Residential school survivor criticizes Trudeau for travelling on National Day for Truth and Reconciliation
'His words don’t match his actions,' Evelyn Korkmaz says
A residential school survivor says Prime Minister Justin Trudeau's decision to travel for a family vacation to Tofino, B.C. on the first National Day for Truth and Reconciliation shows "his words don't match his actions."
Evelyn Korkmaz, who survived the St. Anne's residential school in Fort Albany, Ont., criticized the prime minister for instead taking part in a Parliament Hill ceremony on the eve of the new federal statutory holiday meant to honour the children who died in residential schools and the survivors and communities affected by the system.
"It's like celebrating Remembrance Day … or reflecting on Remembrance Day on November the 10th rather than November the 11th," she told CBC News.
Korkmaz, who said she was abused during her time at St. Anne's, was in Ottawa Thursday to mark the inaugural National Day for Truth and Reconciliation.
She is one of the St. Anne's survivors embroiled in a legal battle with the federal government over their compensation cases.
"And this just shows us survivors that he doesn't actually want to meet with us. He's just hoping that we will just disappear into the sunset," she said.
- Indigenous leaders call on Canadians to 'own your own truth' on National Day for Truth and Reconciliation
Trudeau has faced sharp criticism over his decision to travel Thursday. While his official itinerary said he would be in "private meetings" in Ottawa that day, it was later updated to reflect the fact that he was in Tofino.
His office noted that the prime minister spoke at a sombre ceremony on Parliament Hill Wednesday night, where residential school survivors shared stories of intense trauma. Trudeau also tweeted that he spoke by phone with residential school survivors "from across the country."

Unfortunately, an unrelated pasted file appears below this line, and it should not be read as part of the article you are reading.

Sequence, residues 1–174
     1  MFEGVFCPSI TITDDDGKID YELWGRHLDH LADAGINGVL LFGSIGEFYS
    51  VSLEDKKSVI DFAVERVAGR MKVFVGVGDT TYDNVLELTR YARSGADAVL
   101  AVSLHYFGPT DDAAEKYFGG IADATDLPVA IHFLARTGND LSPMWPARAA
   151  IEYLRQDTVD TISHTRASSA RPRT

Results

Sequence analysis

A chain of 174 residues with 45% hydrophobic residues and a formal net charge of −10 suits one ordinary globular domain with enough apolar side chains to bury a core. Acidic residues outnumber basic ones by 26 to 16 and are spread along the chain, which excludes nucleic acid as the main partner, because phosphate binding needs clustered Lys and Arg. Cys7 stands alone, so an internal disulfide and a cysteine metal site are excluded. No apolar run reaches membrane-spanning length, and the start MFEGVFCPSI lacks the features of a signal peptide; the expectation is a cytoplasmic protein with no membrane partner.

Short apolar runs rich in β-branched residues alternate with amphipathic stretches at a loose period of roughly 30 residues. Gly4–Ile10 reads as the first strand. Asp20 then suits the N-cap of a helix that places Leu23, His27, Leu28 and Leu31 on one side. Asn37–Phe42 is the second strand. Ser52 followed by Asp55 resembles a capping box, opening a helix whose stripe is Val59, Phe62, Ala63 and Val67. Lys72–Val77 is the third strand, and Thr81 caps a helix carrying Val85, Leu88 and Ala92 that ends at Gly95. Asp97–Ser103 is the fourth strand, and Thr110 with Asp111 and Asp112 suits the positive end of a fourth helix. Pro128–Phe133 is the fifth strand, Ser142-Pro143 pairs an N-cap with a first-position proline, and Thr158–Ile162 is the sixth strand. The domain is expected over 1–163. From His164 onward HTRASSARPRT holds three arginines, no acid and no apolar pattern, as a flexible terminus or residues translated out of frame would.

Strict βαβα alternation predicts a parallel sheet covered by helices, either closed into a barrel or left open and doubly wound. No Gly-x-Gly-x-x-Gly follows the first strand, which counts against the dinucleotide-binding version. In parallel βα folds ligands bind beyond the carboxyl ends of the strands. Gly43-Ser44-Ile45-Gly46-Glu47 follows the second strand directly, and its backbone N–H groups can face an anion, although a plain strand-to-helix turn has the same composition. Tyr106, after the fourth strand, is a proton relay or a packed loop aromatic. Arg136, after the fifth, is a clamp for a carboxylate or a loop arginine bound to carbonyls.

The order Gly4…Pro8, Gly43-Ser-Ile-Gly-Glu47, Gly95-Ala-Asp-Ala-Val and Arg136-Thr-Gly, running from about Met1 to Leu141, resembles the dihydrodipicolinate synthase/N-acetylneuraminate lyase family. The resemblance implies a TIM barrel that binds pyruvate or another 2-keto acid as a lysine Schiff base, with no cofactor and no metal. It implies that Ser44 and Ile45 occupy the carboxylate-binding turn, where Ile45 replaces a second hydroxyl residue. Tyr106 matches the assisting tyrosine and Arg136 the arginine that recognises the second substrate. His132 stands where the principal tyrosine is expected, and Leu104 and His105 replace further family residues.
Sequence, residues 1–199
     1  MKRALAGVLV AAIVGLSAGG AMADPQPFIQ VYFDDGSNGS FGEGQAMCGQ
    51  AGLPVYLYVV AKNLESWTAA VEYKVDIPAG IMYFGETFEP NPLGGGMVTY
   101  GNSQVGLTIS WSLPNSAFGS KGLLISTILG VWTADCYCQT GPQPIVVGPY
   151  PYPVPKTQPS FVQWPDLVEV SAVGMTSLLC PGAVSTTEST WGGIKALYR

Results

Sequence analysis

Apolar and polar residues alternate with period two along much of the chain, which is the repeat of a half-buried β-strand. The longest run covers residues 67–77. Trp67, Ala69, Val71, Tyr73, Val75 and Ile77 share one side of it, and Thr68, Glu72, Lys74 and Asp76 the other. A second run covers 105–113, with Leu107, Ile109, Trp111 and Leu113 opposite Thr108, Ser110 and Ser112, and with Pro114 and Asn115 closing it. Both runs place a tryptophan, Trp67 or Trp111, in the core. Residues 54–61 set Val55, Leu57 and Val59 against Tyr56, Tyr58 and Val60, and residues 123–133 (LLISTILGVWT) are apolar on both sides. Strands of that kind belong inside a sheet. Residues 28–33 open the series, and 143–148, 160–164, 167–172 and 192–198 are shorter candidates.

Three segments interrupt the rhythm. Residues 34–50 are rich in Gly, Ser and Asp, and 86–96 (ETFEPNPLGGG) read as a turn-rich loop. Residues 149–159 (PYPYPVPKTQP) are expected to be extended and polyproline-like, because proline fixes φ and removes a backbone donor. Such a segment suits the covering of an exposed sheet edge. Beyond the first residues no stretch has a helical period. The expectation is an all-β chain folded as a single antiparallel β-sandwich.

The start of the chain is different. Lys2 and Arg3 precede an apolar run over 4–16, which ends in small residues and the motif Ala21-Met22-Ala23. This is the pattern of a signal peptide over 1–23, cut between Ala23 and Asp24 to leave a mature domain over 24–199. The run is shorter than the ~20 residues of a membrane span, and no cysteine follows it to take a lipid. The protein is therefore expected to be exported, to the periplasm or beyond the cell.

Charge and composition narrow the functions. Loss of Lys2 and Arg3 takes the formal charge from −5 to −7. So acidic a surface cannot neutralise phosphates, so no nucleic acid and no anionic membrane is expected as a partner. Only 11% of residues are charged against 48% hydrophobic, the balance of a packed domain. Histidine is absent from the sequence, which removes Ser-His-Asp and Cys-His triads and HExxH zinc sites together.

A 'colossal failure of leadership'
The president of the Union of B.C. Indian Chiefs has also criticized Trudeau for not stopping in Kamloops to attend a ceremony to commemorate unmarked graves found near a former residential school. Grand Chief Stewart Phillip said the prime minister "turned his back on Indigenous children."
Phillip told CBC Radio's "The Early Edition" Friday that it all amounts to a "colossal failure of leadership" on Trudeau's part.
Phillip said the prime minister had been invited twice by the chief of the Tk'emlúps te Secwépemc Nation to attend a commemoration ceremony Thursday. The First Nation is near the site of the former Kamloops residential school where some 200 unmarked graves were discovered this spring.
WATCH | Anger, disappointment after Trudeau vacations in Tofino, B.C.:
At a press conference a day before, Kukpi7 (Chief) Rosanne Casimir said she "did hold out hope that (Trudeau) would be here today."
Phillip has been a frequent critic of the Trudeau government, particularly over the Trans Mountain pipeline expansion project. He accused the prime minister of "absolute hypocrisy" for not accepting Casimir's invitations.
"During the election, he was taking a knee at every opportunity to demonstrate his support for residential school survivors," he said. "And yet, when the rubber hits the road, he ticked off to Tofino."